WASHINGTON -- In approving Google Inc.'s $3.1 billion purchase of DoubleClick Inc. yesterday, federal regulators determined that there was plenty of competition in the fast-growing Internet ad world.
But they also expressed concerns about consumer privacy in that rapidly evolving marketplace, where companies are increasingly using technology to track people's digital footprints in order to follow them around the Web and target ads to their activities.
The Federal Trade Commission voted 4-1 to allow the deal, announced in April, without any conditions, arguing that the two companies were not focused on the same parts of a Web advertising market that's expected to generate $28 billion in revenue next year. Google still needs approval from the European Union to complete the acquisition.
Google competitors, particularly Microsoft Corp., had lobbied hard against the deal, complaining that adding DoubleClick's online advertising technology and customer base would give the search giant an insurmountable lead in Internet advertising.
The FTC dismissed those concerns, as well as requests by privacy groups that it block the deal or enact restrictions to protect consumer data.
"Not only does the commission lack legal authority to require conditions to this merger that do not relate to antitrust, regulating the privacy requirements of just one company could itself pose a serious detriment to competition in this vast and rapidly evolving industry," the FTC majority said in a statement.
Commissioner Pamela Jones Harbour dissented, saying the FTC should have addressed the significant privacy and competition concerns.
"The truth is, we really do not know what Google/DoubleClick can or will do with its trove of information about consumers' Internet habits," she wrote in her dissent. "The merger creates a firm with vast knowledge of consumer preferences, subject to very little accountability."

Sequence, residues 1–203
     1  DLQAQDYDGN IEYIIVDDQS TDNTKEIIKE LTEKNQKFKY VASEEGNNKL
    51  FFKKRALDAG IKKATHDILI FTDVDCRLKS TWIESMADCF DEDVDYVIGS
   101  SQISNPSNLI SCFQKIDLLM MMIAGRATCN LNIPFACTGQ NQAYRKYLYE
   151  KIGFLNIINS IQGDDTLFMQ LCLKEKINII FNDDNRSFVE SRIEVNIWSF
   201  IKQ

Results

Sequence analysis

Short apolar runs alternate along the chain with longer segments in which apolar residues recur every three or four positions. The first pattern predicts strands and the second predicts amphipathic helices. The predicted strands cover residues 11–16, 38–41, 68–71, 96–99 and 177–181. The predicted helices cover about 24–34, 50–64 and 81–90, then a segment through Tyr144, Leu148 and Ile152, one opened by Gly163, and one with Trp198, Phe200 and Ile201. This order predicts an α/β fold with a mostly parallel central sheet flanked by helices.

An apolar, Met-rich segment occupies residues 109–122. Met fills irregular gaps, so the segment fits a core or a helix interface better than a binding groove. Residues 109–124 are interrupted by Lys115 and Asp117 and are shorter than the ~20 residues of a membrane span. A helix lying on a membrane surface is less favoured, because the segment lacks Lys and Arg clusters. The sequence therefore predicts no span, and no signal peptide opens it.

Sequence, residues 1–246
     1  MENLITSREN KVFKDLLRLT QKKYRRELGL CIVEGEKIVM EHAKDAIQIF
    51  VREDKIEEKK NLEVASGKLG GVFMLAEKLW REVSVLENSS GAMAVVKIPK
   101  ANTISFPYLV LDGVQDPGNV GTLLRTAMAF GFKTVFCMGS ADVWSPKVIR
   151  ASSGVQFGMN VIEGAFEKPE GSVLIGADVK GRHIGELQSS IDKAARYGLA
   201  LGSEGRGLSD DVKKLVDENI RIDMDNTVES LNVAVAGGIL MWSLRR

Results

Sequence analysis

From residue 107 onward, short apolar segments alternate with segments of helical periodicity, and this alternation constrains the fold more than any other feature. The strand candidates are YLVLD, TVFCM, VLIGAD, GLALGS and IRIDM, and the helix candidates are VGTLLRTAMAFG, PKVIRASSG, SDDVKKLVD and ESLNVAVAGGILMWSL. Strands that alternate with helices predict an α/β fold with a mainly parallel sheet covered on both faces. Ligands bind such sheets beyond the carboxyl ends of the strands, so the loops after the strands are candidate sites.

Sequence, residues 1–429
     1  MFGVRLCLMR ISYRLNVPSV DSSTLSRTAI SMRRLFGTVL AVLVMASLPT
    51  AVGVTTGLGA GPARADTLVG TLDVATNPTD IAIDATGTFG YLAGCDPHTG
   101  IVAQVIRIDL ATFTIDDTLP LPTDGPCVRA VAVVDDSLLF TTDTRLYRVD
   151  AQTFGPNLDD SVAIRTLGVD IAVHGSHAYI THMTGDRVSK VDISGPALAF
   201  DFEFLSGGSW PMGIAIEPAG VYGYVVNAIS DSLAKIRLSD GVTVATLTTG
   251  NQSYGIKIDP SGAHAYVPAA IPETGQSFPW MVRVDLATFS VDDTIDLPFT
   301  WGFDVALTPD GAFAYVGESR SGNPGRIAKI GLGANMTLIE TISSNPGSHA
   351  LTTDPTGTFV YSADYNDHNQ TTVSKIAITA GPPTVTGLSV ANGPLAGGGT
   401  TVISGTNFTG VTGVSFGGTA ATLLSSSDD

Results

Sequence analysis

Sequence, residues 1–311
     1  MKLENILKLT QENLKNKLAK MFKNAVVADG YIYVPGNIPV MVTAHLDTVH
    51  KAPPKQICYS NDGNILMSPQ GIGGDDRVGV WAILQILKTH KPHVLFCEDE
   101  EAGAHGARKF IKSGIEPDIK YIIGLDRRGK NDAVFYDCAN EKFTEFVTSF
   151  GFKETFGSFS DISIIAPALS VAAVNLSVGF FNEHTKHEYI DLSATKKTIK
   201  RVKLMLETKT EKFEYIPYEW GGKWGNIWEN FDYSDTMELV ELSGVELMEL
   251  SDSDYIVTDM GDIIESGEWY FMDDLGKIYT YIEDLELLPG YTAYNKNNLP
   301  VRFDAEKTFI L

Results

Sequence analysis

Although the commission approved the deal, its members were concerned enough about the advertising practice known as behavioral targeting that they released a set of proposed privacy guidelines for the industry.
Consumer advocates offered modest praise for the move.
"The FTC recognized that behavioral advertising poses a menace to consumer privacy and that the business model may be inherently unfair," said Ed Mierzwinski, federal consumer program director at U.S. Public Interest Research Group.
But the FTC's actions weren't enough for some privacy groups, who fear the ramifications of adding DoubleClick's data to the storehouse of information that Google collects from its search engine and advertising programs. Those groups hope that more consumer-friendly regulators in Europe will enact restrictions, which some analysts said was possible.
The European Commission is expected to rule on the merger by April 2.
Privacy advocates took solace that the deal had raised public awareness of behavioral advertising.
Jim Puzzanghera and Joseph Menn write for the Los Angeles Times.